Marketing your makeup business: identifying your ideal client

Who are you marketing to?  As a makeup artist or hairstylist, the beginning of the year can be such a busy time for bridal enquiries but if you’re sending out a whole lot of quotes and not getting most of them actually booking you, then maybe your marketing is directed to the wrong people.

Marketing is one of the most important pillars of your freelance makeup or hairstyling business, but it’s one of the most misunderstood pillars too.  Marketing is much more than simply putting some pretty pictures up on social media and watching the bookings roll in (we WISH that’s the way it happened!!)

The first important step in your marketing strategy should be to identify your ideal client.  I know when you’re first starting out, or if you don’t have a full calendar, you’ll take any client who will book you, heck, I sure did when I first started!  Over time though, it’s important to figure out who it really is that you want to be working with, so you can tailor your marketing message to that client.

I see so many artists complaining on the forums about being undercut, and about how there are so many budget makeup artists around these days.  The budget artists have always been there, we just didn’t always have social media making them so visible.  I was hearing “thanks but I’ve booked with someone cheaper” 18 years ago when I first started.  It’s nothing new!


So, who is your ideal client?

Take a look at this image.


They are all red lipsticks.  Everyone of them performs the same purpose – it makes your lips red, but they are all a little different.  Some are glossy, some are matte, some are long-lasting, some are vegan, some are blue red, some are orange red, and some are very cheap, and some are very expensive.  The point here, is that there is a MARKET for each of those lipsticks.

When you are looking for a lipstick, you will focus on the one that is going to filfull what you are looking for.  So, if you’re partial to a matte, blue-red lipstick, you’ll notice the glossy orangey reds, and keep looking.

It’s the same with your clients, if she is looking for cut-crease glam, she’ll scroll on by if she sees images of natural boho looks.

If she’s planning a relaxed beach wedding, she will hone in on images that show her that sort of look, beach wave hairstyles, and not stop when she sees images of classic sleek chignons with tiaras.

And that’s just the look – what she sees in your images.  There’s also the words in your message to consider, your social media captions, copy on your website, and what you say in your email communications.

Identifying your ideal client is about a whole lot more than just her preferences in makeup or hair looks.  What sort of person is she?  Younger or more mature?  Is she looking for a luxury experience or something more laid back?  Is she a party girl focussed on having fun?  Is she budget conscious and shopping based on price.  Not everyone shops based on price, although for some that is a big factor.

Let’s go back to the red lipstick collection.  Some women wouldn’t dream of paying $50 for a Tom Ford lipstick (yes, they cost that much in Australia), and some women wouldn’t be caught dead wearing the $3.95 BYS lippy!! Some women value luxury and prestige, and believe that a more expensive product is better quality.  Some women would rather save money, and just use a product that gets the job done, no matter what the label.   But does Tom Ford concern himself about women buying $4 lipsticks?  Of course not!  Because he understands that there is a market for both (and for everything in between).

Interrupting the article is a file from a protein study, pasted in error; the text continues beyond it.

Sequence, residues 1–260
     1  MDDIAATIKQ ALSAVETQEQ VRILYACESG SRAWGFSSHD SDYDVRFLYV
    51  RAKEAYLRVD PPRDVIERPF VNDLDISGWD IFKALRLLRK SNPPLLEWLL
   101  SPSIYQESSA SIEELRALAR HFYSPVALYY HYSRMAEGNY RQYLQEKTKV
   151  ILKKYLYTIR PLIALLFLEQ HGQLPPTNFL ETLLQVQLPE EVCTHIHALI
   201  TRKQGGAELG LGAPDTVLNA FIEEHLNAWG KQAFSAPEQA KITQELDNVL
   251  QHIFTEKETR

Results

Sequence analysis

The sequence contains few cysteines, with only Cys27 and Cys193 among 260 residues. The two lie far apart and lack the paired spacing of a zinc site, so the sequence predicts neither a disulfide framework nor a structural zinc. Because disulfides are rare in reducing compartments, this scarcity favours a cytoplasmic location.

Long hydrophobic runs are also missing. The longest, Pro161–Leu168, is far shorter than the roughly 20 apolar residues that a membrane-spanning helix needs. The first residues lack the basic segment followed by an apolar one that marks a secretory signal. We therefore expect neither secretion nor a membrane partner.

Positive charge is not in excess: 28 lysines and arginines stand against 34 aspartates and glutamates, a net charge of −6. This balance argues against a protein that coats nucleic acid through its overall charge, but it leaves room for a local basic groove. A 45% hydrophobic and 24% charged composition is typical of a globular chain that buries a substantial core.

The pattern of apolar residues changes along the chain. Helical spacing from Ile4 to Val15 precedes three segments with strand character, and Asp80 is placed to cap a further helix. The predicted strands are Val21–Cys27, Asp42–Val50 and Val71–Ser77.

It’s the same with us as makeup artists.  There is a market for the $40 makeup artist, just as there is a market for the $200 makeup artist.  YOU get to decide which client you really want to work with.  There is no right or wrong here.  It’s simply a matter of choice.

Of course, given the choice, wouldn’t most artists want to work with clients happy to pay $200 for their makeup?  I’m not saying this is possible for everyone right now; remember it’s a journey, but if that’s the sort of client you want to be working with, then you need to start tailoring your marketing to that client.

There’s nothing wrong with charging a lower price when you are starting out, we all have to start somewhere!  The important thing is to keep your pricing appropriate for your skill level and the market.  A $40 makeup artist needs to do 25 makeups to earn $1000, a $100 makeup artist only needs to do 10.  I know which way I would rather earn that $1000.  (If you’re unsure about your rates, check out THIS POST)

So, have a think about the sort of clients you want to be working with.  Who is your ideal?  What sort of makeup/hairstyling does she like?  What sort of experience is she looking for?  What sort of price point is she happy to pay?

Once you are clear on that, have a look over your marketing material (your website, social media, and your written messaging) and ask yourself does this speak to your ideal client and attract her, or are you sending her away?

If you’re not clear in your message, chances are you’re sending all clients away, because they may be confused, and a confused mind says NO.  You want your ideal clients to notice you – your portfolio or social media,  and sigh, thinking “Yes!  THIS is the makeup artist for me!”


Check back next week when we cover how to get those ideal clients enquiring and booking, once they have noticed you.  Join my newsletter list HERE to be notified when the article is published.



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